The All-Star Game is the ultimate showcase of talent for fans, so why do leagues have such difficulty picking a format? We rank the best formats across sports among the four options.
Last week, the NHL announced its rosters for the 2018 all-star game. Results have also been trickling in about who leads in voting for the NBA’s all-star game coming up later this winter.
Both of these leagues are trying out brand new or relatively new all-star formats this season. As leagues continue to change around their all-star games to try to find a scenario that works, it begs the question, are any of the ideas working? If so, which is the best? What is the best all-star game format?
There are really four main options the professional leagues have. Option one is classic: conference versus conference. Players are selected and those in one conference face off against those in the other. Every league used this format for a long time. It is a simple, no-frills approach.
Option two comes from the world of hockey, but could certainly be used in baseball or even basketball in today’s landscape: North America versus the world. Instead of dividing players up by which team they play for, the all-star rosters are decided based on players’ nationality. This leads to fun combinations, teammates playing against each other, and gives a nice picture of how diverse the leagues have gotten. Hockey has always been like this, but some of the other sports have caught up.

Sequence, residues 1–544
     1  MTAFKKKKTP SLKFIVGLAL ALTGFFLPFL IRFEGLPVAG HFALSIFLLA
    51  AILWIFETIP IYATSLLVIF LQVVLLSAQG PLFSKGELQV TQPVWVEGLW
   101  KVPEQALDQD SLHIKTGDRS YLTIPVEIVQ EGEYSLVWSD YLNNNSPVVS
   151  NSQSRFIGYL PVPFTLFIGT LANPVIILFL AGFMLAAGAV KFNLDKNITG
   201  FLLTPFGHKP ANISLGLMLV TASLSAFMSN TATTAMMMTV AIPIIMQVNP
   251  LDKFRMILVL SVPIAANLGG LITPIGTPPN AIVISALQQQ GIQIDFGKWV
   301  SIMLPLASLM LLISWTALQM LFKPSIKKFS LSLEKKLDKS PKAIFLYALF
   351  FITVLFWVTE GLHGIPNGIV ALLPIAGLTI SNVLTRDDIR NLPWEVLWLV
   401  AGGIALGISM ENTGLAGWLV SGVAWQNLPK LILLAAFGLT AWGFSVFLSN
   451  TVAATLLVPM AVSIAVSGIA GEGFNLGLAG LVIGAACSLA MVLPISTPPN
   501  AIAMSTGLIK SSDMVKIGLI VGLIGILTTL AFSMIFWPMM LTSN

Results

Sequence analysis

The third option is something that has just recently been turned to in football, hockey, and basketball: captain drafts. Rather than picking rosters, just all-star captains are selected, and they, in turn, draft a team as if they were suiting up for a run at the YMCA. This option leads to the most fun in terms of making the actual teams, but only if it is used effectively. Hockey tried it and already has moved onto something else. The NBA is doing this for the first time this season but made the announcement that the draft would not be televised…which seems to avoid the entire point.